IoTuesday: New Year's Resolution #2 – Healthier Eating

Can technology help you make better food decisions?

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My first few blog posts of the new year will focus on the high-tech tools that might assist in keeping some classic New Year’s resolutions. If you missed the first one on vaping and smoking cessation please check it out! Also, this article serves as part 2 to my IoT Smart Pantry project from September.

-Nick


Last year I wrote about a project that I was working on for organizing foodstuffs and tracking their nutritional value. That post was mainly about the hardware build so this time around, I want to talk more about the software. You may remember I was planning to use the Nutritionix API to search product UPCs and return their nutrition facts. Let’s hack together a little javascript to interact with the Nutritionix service and maybe we can start building a nice display in the process.

Looking into the Nutritionix docs, I found out that I could sign up for free and request up to 50 UPC searches per day. In order to do that, I had to sign up for an application ID which was pretty simple. After my first sign in, I was presented with this page:

a screenshot of the Nutritionix App Key page

I blacked out my ID stuff so you weasels don’t go maxing out my free account

This is all of the info that I need to start poking at the API. According to the UPC Scanning quick-start guide, UPC searches are performed using a GET request formatted as follows:

https://api.nutritionix.com/v1_1/item?upc=[UPC]&appId=[ID]&appKey=[KEY]

And when I do that, I should get a response that looks something like this:

{
   "item_id": "51c3d78797c3e6d8d3b546cf",
   "item_name": "Cola, Cherry",
   "brand_id": "51db3801176fe9790a89ae0b",
   "brand_name": "Coke",
   "item_description": "Cherry",
   "updated_at": "2013-07-09T00:00:46.000Z",
   "nf_ingredient_statement": "Carbonated Water, High Fructose Corn Syrup and/or Sucrose, Caramel Color, Phosphoric Acid, Natural Flavors, Caffeine.",
   "nf_calories": 100,
   "nf_calories_from_fat": 0,
   "nf_total_fat": 0,
   "nf_saturated_fat": null,
   "nf_cholesterol": null,
   "nf_sodium": 25,
   "nf_total_carbohydrate": 28,
   "nf_dietary_fiber": null,
   "nf_sugars": 28,
   "nf_protein": 0,
   "nf_vitamin_a_dv": 0,
   "nf_vitamin_c_dv": 0,
   "nf_calcium_dv": 0,
   "nf_iron_dv": 0,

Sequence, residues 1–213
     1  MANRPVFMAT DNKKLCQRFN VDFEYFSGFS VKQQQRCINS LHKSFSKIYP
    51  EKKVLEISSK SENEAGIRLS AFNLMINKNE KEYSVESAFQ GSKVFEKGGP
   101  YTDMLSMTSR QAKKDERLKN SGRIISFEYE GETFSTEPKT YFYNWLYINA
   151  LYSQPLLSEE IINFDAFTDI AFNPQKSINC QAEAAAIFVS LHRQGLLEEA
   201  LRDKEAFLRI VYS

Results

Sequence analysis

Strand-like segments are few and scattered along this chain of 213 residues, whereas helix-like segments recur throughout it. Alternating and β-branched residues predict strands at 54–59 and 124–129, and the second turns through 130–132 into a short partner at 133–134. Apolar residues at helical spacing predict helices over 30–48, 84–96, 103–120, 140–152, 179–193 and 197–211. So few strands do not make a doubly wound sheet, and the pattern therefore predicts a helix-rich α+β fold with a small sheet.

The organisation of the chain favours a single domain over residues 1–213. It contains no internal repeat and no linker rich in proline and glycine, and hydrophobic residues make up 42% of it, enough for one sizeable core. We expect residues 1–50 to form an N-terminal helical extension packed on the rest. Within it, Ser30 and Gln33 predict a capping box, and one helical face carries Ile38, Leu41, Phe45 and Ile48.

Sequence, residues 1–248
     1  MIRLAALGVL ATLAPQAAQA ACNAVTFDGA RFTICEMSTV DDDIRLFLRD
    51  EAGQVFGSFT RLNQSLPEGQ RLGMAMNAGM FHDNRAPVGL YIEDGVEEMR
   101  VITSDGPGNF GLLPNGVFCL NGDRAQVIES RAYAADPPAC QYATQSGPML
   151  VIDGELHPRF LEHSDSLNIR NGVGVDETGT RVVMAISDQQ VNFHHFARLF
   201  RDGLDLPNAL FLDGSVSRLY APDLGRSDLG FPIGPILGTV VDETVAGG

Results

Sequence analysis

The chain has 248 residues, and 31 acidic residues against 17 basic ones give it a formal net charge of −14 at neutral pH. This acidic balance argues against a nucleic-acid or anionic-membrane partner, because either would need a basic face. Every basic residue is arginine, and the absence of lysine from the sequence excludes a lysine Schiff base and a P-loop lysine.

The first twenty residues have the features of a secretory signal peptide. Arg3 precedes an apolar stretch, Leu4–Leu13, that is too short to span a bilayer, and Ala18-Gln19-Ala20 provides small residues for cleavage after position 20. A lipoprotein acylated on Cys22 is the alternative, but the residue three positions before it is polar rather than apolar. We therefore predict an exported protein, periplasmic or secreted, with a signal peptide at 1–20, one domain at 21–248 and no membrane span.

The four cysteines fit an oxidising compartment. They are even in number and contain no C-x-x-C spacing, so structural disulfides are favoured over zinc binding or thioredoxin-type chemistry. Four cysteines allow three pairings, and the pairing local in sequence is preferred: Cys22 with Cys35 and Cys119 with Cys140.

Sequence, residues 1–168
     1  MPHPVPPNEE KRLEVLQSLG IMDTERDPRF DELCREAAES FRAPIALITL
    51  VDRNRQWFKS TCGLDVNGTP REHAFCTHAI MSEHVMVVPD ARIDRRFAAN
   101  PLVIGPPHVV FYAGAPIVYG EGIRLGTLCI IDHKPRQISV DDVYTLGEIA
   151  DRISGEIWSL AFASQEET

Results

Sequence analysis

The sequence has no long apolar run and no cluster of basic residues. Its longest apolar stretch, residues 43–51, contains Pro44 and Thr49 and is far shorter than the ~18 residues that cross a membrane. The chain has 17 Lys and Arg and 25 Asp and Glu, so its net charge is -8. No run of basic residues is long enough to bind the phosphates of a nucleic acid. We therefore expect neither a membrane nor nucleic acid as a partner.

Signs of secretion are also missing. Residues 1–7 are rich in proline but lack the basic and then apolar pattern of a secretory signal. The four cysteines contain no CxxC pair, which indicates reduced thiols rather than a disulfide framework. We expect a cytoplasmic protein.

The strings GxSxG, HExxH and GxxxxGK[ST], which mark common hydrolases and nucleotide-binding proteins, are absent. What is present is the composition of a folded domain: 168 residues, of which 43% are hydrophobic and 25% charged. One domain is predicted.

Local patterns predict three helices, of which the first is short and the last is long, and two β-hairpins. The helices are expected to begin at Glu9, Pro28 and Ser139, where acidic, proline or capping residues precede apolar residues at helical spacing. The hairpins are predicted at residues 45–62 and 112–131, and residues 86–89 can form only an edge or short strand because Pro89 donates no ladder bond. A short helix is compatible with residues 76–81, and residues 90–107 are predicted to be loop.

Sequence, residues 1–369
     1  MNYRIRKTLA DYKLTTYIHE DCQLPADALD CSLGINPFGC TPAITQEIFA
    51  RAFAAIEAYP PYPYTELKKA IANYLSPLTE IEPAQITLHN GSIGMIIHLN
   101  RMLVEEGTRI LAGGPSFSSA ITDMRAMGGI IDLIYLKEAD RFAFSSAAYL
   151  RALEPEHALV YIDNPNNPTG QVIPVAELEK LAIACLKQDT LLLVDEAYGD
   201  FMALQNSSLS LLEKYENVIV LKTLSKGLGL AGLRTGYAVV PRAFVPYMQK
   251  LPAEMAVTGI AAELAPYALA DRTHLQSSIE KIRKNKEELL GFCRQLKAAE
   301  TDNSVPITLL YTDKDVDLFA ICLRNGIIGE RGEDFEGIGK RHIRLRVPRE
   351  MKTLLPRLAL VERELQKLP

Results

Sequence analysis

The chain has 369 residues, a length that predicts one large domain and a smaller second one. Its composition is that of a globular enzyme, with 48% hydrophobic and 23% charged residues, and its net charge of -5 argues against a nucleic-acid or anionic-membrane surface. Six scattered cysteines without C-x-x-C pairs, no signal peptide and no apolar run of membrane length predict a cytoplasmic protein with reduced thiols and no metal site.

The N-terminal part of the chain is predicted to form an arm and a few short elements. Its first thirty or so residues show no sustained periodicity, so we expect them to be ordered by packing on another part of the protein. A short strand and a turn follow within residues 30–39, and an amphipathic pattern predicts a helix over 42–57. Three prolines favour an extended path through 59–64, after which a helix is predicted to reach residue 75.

"nf_servings_per_container": 6,
   "nf_serving_size_qty": 8,
   "nf_serving_size_unit": "fl oz",
}

So, make a GET request and get a JSON response with all of the product information neatly organized – perfect! This is going to be easy to handle with Javascript! Let’s start by putting a few basic inputs on a web page and use them to make the GET request to Nutritionix. Ideally, I’d like to be able to enter the UPC of a product into a text box and view the JSON report that comes back; that means I’ll at least need a text input, a button and a text field. The HTML looks something like this:

<input name="upc"/>
<input type="button" name="search" value="Food Me"/><br/>
<textarea name="results" style="width: 222px; height: 350px;"></textarea>

I couldn’t help but style things a little bit, but the basics are all there: a few elements with unique names so we can script them, and a clearly labeled button. Now that we have our page built, let’s add script to do the work. At the top of my Javascript, I’m going to declare two constants: appKEY and appID. This way I can reference them throughout this post without giving away the actual keys. The next order of business is to actually construct our GET request.

In Javascript, it’s best practice to write asynchronous code so that if a function takes longer than expected to execute, it doesn’t disrupt the user experience or produce unexpected results. In our case, that means we want our script to send the request and then go on managing other things until the response comes back from Nutritionix. The way we achieve this is by using callbacks. Callbacks, or callback functions, are essentially just a way of telling one function to hand off to another function when the first is finished. You can set a callback in Javascript by passing the name of your callback function as the “callback” parameter of another function. I know it can sound confusing, but have a look at our code below:

function upcGet(upc, callback)
{
        var getURL = "https://api.nutritionix.com/v1_1/item?upc=" + upc + "&appId=" + appID + "&appKey=" + appKEY; 

    var xmlHttp = new XMLHttpRequest();
    xmlHttp.onreadystatechange = function() { 
        if (xmlHttp.readyState == 4 && xmlHttp.status == 200)
            callback(xmlHttp.responseText);
    }
    xmlHttp.open("GET", getURL, true); // true for asynchronous 
    xmlHttp.send(null);
}

function postResults(response)
{
$("[name='results']").html(response);
}